Tale Of The Tape: St. Louis Cardinals Vs. Boston Red Sox

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(credit: Jared Wickerham/Getty Images)
  • Offense
    The Cardinals outscored every National League team this year, plating almost a half-run more per game than the next best offense. Overall, St. Louis was the third-highest scoring team in the majors (4.83 runs per game). The Cards have cooled off a bit in the postseason, but that was against the second and third-best pitching staffs in the majors this year (Los Angeles and Pittsburgh, respectively). The Cardinals were the best clutch-hitting team in the history of baseball this year, and it's hard to imagine that suddenly coming to a halt.
    The Red Sox led the majors in scoring in 2013 at 5.27 runs per game, and in the postseason, they're still posting 4.5 runs per contest (against Top Five American League staffs from Detroit and Tampa Bay). Even when they are not hitting, per se, the Red Sox are walking and driving up pitch counts on the opposition's best arms. They simply wear out most staffs. And then Fenway (where there could be 4 games) always seems to have crazy postseason at-bats with everything on the line. From Carlton Fisk to David Ortiz, the Boston teams know how to make Fenway magic work for them.
  • Pitching
    The Cardinals finished fifth in the majors in ERA with a 3.42 mark, and they've been even better in the postseason (2.34). The Cards led majors in wins by starters (77), and the revamped bullpen held the Pirates and the Dodgers to a combined .177 average over 30 innings. They have a stable of great starting options, and the St. Louis manager has many fireballers in the bullpen to choose from with the game on the line. At the top of the rotation is a two-time World Series champion (Adam Wainwright), and that staff has a perennial MVP calling the shots from behind the plate (Yadier Molina).
    The Red Sox staff has the potential to be dominant, but they haven't been consistent this year, despite the postseason efforts so far (3.05 ERA). Boston starters had a 3.84 ERA in the regular season, and that number has risen in the postseason (4.29). It's been the Red Sox bullpen with its 0.84 ERA this October that has gotten Boston to the Series again. This same unit posted a 3.70 mark in the regular season to finish in the bottom third of the majors. Despite the momentum, the bullpen has issued 11 walks, which can come back to haunt you against strong-hitting teams.
  • Defense
    The Cardinals were the second-best defensive team in the National League this year, making only 75 errors. If they have a weakness, it's the infield. The Cards have made three errors in October, allowing two unearned runs to score. All three errors have been made by infielders — one each at second, third and shortstop. But St. Louis does have the best defensive catcher in baseball (Molina), and that keeps a lot in order around the diamond. The St. Louis defense has handled the most chances per game of any playoff team, so the pitching staff trusts the defenders behind it to make the plays.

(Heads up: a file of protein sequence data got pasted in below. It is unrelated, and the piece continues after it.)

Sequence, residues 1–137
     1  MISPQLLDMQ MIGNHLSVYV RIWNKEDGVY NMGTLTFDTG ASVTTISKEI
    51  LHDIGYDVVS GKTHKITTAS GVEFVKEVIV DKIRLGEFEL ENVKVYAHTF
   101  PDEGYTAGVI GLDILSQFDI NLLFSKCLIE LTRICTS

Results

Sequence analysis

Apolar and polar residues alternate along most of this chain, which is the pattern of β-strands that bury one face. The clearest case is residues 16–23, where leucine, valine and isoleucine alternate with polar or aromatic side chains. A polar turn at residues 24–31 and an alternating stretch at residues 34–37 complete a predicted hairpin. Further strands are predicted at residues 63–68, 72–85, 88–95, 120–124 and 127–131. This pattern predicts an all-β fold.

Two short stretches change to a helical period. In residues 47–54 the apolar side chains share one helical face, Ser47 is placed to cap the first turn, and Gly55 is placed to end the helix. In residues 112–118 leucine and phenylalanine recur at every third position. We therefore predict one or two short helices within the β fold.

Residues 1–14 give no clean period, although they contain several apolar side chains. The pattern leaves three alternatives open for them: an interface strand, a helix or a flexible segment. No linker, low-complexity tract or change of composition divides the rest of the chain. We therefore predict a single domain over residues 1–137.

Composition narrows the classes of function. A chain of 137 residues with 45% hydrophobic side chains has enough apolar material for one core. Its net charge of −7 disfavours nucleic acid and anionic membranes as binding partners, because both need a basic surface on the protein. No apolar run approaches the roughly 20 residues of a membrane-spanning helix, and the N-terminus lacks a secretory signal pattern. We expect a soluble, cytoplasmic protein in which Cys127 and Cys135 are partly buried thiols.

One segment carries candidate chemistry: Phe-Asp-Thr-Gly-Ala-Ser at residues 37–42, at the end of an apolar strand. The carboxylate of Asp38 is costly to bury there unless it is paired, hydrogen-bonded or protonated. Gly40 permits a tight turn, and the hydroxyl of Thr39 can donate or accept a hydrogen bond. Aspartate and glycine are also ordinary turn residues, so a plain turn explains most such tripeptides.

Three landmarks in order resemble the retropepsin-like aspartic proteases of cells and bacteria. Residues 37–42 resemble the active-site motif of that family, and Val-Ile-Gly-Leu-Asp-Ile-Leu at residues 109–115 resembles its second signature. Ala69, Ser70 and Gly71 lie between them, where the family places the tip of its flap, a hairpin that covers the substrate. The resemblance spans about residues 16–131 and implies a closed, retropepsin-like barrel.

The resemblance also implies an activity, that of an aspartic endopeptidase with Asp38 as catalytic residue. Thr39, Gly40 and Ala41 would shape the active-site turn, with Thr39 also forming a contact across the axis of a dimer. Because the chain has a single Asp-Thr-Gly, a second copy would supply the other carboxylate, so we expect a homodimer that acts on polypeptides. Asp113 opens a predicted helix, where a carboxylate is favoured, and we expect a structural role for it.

Defense is not something baseball fans normally associate with the Red Sox, but the team did field a top-five American League defensive unit in 2013. Boston made only 80 errors in the regular season, and they've been a little better in the playoffs, committing just three miscues in 10 games. The errors were somewhat random, too, by a pitcher, the shortstop and the right fielder. Boston could be tempted to start David Ortiz in St. Louis to get his bat into the DH-free lineup. That could be a little scary, though regular first baseman Mike Napoli isn't golden with the glove either.
  • Manager
    Manager Mike Matheny has the respect of his team, and as a former Cardinals catcher who "tutored" the current MVP-caliber Molina, he knows the game pretty well. He was St. Louis' starting catcher in the 2004 World Series, and Matheny was always known for his defense and ability to manage the game effectively. Like many former catchers, he has transitioned well into a managerial role, although he has to take some blame for the 2012 playoff meltdown in the NLCS against San Francisco. The Cards have played very focused baseball in 2013, demonstrating an ability to recover from that collapse, under Matheny's guidance and leadership.
    Manager John Farrell previously led the Toronto Blue Jays in 2011 and 2012, and Boston really targeted him as their man to take over in 2013. It was an interesting choice, as Farrell — a former MLB pitcher — could be best remembered in Toronto for finishing .500 in his first year there before dipping back below that benchmark in 2012. But clearly, the Red Sox knew what they were doing. The team didn't have a losing month in 2013 en route to its first AL East title in six years, just one year after finishing last in its division. Farrell has no MLB postseason managerial experience prior to this October, and that may come into play when the Series is on the line.
St. Louis has a slight edge over Boston, but overall, the two teams are evenly matched. The Series should go seven games, and the Cardinals are unlikely to win it in five games like they did in 2006. The Red Sox are too good for that. Neither team has a "rust" edge, like St. Louis had in 2006 or Boston had in 2007, when their opponents had been sitting around for a week getting stale after sweeping their respective LCS match-ups. But picking the visiting team to win a Game Seven in Fenway Park just doesn't feel right at all. So the call here is that the superior starting pitching of the Cardinals — combined with the clutch hitting demonstrated all season by the lineup top to bottom — will prevail in six games (WLWLWW). And because he was robbed of the 2012 regular-season NL MVP Award, St. Louis catcher Yadier Molina will win the 2013 World Series MVP Award.